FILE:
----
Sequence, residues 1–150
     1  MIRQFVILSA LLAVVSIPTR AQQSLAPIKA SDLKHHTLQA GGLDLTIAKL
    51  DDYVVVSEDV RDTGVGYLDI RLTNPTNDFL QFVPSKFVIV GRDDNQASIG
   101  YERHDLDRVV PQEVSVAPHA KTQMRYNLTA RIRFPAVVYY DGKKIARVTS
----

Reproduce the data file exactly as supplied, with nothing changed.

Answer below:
Sequence, residues 1–150
     1  MIRQFVILSA LLAVVSIPTR AQQSLAPIKA SDLKHHTLQA GGLDLTIAKL
    51  DDYVVVSEDV RDTGVGYLDI RLTNPTNDFL QFVPSKFVIV GRDDNQASIG
   101  YERHDLDRVV PQEVSVAPHA KTQMRYNLTA RIRFPAVVYY DGKKIARVTS